To many, the story of will be proof of a darker side that makes Keane impossible to like. As with everything in this story, you can argue both ways. The fact Keane openly discusses most of his rampant flaws makes him far more accessible and human than almost all of his peers.
If you think plenty of other managers would not have had the same fleeting thought as Keane, you are living in a Happy Days fantasy world. Whether Ferguson is one such manager is open to debate, but one thing’s for sure: if he ever did have such a thought, he would almost certainly not admit to it. Keane really is honest to a fault – yet to others he is honest to a virtue, a ceaselessly refreshing antidote to the miserable contemporary culture of briefing, backstabbing and passive-aggressiveness. If Keane said it was pasta under the sauce, you would never feel the need to check.
With the exception of selling Jaap Stam - a cock-up so spectacular that not even he could rationalise it - Ferguson hardly ever admits flaws or mistakes. His greatest skill as a manager is that he has “a degree in people”, to use the Australian cricketer Rodney Hogg’s phrase to describe the former England captain Mike Brearley, yet sometimes it seems like he failed his GCSE in Self-Awareness.
The alternative, perhaps more likely, is that Ferguson has developed a state of mind whereby negative thoughts and questions must be instantly and aggressively dismissed. After all, nobody does righteousness as well as the guilty. That attitude creates an intimidating aura of strength and certainty, which then perpetuates itself. Keane had a similar omnipotence as a player but as a man he has demonstrated and admitted far more weakness and regret than Ferguson.
A recent example of that was Ferguson’s response to entirely reasonable suggestions that he may have allowed the United squad to decay in the four years after the sale of Cristiano Ronaldo. He suggested modern players peak in their thirties, which is such obvious nonsense that it barely merits further discussion: Fifa’s team of the World Cup was comprised exclusively of those in their twenties, and almost all of the thirtysomethings on the Ballon d’Or shortlist are past their best.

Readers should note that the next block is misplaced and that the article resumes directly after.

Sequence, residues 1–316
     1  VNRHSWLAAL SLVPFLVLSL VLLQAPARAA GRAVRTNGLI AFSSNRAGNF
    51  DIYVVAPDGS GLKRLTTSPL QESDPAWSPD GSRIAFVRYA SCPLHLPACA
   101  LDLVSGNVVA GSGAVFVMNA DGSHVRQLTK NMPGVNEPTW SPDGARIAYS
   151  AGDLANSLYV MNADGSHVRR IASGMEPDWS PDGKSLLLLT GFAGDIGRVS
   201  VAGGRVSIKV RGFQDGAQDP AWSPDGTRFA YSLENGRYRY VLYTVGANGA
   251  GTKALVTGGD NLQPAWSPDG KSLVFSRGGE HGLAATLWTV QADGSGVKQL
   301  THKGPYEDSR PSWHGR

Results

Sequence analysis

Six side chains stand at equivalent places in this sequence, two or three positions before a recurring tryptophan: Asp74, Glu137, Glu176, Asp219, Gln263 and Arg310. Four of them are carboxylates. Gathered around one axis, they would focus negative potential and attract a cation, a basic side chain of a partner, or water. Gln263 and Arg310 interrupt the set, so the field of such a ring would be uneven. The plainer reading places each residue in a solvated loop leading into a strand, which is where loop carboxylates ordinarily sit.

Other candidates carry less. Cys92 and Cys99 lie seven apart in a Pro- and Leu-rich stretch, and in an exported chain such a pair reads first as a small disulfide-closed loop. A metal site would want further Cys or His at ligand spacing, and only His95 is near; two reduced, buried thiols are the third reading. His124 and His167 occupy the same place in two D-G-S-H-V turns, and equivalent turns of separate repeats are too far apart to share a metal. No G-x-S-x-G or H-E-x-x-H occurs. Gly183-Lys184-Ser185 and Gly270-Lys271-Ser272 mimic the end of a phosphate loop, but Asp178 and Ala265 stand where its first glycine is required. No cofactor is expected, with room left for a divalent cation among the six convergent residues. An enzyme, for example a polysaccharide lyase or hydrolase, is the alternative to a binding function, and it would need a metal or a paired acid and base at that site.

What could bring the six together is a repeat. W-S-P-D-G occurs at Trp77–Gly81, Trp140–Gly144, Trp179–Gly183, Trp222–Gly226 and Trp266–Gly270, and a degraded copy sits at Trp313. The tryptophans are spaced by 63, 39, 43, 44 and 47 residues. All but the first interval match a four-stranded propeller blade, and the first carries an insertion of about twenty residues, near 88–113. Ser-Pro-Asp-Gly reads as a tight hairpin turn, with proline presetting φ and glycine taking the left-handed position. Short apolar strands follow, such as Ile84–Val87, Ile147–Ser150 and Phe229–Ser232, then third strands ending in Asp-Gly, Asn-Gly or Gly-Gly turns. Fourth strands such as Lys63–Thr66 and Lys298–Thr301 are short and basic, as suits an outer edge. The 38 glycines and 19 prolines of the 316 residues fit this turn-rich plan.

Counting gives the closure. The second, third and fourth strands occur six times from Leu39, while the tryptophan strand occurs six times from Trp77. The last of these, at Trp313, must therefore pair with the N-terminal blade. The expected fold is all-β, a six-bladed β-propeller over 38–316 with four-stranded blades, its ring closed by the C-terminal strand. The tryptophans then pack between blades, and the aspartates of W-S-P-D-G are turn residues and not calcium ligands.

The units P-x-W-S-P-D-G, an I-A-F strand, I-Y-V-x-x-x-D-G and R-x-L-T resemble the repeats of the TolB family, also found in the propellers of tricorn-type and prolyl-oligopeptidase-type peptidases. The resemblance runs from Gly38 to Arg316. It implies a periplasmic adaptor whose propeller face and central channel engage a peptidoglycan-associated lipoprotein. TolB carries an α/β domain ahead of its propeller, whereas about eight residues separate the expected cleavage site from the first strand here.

Ferguson probably won’t care. His book sells itself, and he has the exciting new world of Harvard, the Ryder Cup and being Sir Alex Ferguson to concentrate on. He will also feel he kept his dignity – a recurring theme in his many books - by not responding to Keane’s provocation; others will conclude that, by vetting the questions and taking none from the floor, he exerted the “power and control” of which Keane speaks, and that not engaging the audience was an apt reflection of a man who refuses to be questioned about anything.
Some of Keane’s behaviour has demonstrated the desperate pettiness of the scorned lover – his reaction to Nani’s red card against Real Madrid, or his decision to omit almost all of - but every time he talks of “power and control”, he hits the bullseye.
He is largely consistent in his behavioural patterns, good and bad, whereas Keane can be wildly erratic. Many will prefer Ferguson for that, and dismiss Keane as a loose cannon. Others will say Ferguson is colder and less real. Ferguson evokes the Godfather’s Michael Corleone; Keane is more like Tony Soprano, raging for a better world and a better him, but also more far vulnerable to moments of weakness.
As anybody who has watched a gangster film knows, these things should be settled by a sit-down. In one corner Keane, whose pithy Saipaning of Mick McCarthy was described as "the most articulate, the most surgical slaughtering I have ever heard” by Niall Quinn; in the other Ferguson, who has a grossly underappreciated lyricism and a magnificent line in put-downs.
Both have an aura, authority, rare instinctive intelligence and a tongue that can debilitate the most confident person in the world in seconds. If they were in a TV studio together, the whole country would come to a standstill.
Surely that’s worth more than QPR 2-0 Aston Villa.
Rob Smyth
You can buy Rob's book, 'Danish Dynamite: The Story of Football’s Greatest Cult Team', which is out now.